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WORKING PAPER: Becoming a climate-resilient green economy – Planning for climate compatible development in Ethiopia

Ethiopia has emerged as one of Africa’s champions in responding to the implications of climate change. This is demonstrated by the strong commitment shown by the country’s political leadership on the issues. Much of this commitment has been driven by the impacts of climatic events in Ethiopia, mainly the drought episodes that have hit the country since the early 1970s. These experiences have contributed to the widespread understanding that climate change can have severe consequences, and has the potential to hold back economic progress and reverse the gains made in Ethiopia’s development.

Although climate change poses significant threats, the international response – especially capacity-building and climate finance initiatives – offers considerable opportunities for poor countries like Ethiopia to leapfrog to adopting green technologies. Recognising this, Ethiopia has actively pursued sustainability objectives as part of its overarching national development plans, namely the first and second Growth and Transformation Plans, which cover the periods 2010–2015 and 2016–2020 respectively.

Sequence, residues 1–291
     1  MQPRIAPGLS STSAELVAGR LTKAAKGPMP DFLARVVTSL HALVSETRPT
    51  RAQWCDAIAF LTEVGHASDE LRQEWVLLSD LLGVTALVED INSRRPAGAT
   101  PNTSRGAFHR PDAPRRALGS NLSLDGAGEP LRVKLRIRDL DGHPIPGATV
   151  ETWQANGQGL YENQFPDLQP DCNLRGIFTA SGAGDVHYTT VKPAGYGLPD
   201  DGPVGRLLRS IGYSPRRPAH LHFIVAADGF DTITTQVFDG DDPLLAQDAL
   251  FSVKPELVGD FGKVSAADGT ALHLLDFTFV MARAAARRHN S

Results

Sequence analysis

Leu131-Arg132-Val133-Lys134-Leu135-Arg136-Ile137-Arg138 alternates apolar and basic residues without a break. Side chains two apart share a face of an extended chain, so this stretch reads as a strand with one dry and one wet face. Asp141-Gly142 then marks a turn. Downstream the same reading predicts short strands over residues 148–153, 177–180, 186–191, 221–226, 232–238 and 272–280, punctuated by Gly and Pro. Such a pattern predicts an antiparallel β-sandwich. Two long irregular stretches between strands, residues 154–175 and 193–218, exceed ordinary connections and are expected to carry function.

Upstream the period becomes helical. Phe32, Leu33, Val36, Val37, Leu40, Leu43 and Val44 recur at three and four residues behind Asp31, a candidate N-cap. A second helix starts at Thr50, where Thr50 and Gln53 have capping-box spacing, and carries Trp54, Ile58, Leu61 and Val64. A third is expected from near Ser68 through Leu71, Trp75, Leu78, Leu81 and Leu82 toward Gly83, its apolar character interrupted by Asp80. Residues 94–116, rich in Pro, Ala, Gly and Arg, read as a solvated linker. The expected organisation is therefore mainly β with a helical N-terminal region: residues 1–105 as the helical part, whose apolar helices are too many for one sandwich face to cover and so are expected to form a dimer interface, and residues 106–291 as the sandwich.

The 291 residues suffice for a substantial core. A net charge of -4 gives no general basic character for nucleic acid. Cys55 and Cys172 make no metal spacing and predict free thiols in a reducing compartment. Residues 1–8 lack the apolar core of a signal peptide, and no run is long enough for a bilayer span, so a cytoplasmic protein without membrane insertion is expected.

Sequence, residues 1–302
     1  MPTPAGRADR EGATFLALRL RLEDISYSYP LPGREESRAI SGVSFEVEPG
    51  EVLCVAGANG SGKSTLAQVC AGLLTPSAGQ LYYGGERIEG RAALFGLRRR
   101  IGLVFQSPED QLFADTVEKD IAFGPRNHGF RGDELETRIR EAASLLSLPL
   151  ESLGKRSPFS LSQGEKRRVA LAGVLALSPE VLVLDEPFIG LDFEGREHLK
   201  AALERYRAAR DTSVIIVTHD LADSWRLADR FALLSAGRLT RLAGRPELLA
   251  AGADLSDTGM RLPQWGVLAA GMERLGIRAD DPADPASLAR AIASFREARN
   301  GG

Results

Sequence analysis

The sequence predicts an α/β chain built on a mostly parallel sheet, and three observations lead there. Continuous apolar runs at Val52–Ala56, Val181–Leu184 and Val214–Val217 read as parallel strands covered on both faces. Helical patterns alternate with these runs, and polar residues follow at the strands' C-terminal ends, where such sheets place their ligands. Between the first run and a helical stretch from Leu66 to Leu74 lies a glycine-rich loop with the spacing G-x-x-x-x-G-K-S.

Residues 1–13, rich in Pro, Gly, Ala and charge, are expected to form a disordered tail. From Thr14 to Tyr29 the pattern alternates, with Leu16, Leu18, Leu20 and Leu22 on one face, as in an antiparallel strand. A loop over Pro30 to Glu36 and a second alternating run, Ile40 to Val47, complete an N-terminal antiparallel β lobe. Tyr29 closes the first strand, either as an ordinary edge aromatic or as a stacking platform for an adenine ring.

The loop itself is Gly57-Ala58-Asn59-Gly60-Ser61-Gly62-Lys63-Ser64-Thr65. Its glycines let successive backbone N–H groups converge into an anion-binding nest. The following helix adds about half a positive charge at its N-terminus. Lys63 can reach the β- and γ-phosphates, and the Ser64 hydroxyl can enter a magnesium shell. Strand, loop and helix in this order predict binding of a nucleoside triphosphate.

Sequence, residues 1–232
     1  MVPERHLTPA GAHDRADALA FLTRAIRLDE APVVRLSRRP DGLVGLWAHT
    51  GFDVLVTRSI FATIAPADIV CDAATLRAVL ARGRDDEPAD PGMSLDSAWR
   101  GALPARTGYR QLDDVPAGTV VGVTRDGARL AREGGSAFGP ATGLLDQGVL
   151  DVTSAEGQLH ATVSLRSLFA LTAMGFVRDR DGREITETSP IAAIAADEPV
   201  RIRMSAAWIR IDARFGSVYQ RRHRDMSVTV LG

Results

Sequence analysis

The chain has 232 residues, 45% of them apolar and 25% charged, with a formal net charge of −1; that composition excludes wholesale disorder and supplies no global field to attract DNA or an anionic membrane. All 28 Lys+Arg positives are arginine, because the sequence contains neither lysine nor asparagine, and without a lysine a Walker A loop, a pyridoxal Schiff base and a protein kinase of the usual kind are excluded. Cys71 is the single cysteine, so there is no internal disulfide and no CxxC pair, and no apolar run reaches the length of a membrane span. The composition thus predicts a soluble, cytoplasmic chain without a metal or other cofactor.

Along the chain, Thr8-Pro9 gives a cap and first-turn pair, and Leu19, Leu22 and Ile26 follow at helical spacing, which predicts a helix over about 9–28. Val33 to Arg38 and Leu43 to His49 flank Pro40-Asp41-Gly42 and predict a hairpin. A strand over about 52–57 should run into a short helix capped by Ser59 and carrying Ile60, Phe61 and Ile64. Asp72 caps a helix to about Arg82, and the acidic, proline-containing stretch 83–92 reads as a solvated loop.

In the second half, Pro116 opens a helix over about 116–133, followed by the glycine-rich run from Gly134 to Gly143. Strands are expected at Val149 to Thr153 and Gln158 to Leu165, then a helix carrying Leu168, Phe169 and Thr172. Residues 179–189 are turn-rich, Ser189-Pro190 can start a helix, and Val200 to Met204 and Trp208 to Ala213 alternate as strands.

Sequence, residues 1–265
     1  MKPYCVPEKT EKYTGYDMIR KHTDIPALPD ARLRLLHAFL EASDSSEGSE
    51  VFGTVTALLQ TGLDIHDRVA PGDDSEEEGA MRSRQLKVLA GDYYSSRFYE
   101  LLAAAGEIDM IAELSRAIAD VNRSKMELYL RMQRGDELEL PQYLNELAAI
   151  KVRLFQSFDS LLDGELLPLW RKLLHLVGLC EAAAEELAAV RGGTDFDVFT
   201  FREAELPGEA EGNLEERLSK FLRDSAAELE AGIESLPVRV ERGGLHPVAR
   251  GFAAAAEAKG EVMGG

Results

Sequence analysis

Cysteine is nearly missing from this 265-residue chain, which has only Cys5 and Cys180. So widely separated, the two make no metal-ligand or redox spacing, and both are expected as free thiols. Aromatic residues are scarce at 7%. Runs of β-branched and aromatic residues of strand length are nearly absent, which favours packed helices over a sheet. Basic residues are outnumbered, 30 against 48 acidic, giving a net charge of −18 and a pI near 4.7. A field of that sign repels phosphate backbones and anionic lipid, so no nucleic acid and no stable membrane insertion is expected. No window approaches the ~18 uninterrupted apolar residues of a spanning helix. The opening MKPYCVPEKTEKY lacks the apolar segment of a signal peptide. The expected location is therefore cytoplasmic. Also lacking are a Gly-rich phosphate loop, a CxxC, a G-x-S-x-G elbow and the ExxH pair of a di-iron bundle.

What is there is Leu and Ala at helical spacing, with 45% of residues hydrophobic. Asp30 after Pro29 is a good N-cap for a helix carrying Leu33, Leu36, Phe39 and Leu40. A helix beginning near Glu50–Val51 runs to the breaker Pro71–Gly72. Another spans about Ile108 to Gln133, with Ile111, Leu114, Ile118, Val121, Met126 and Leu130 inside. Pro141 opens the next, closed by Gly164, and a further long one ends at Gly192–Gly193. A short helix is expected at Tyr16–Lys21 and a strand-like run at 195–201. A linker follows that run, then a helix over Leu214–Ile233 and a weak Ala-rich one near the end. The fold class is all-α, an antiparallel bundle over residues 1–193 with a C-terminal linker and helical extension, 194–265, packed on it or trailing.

Ethiopia, along with Kenya, Mozambique and Rwanda, participated in a study called ‘Lesson learning from national climate compatible development planning’, which was supported by CDKN. The study’s objective was to capture and share best practices emerging from national-level climate change planning.

Ethiopia’s experience shows that when there is commitment at the highest level, it is possible to move towards a low-carbon and climate-resilient development path. Between 2008 and 2012, 14.5% of Ethiopia’s national budget was used for interventions relevant to climate adaptation and mitigation. This national investment in climate compatible development demonstrates the Government of Ethiopia’s ownership of the agenda, and creates the right investment environment for additional support from bilateral and multilateral partners.

Image credit: UNICEF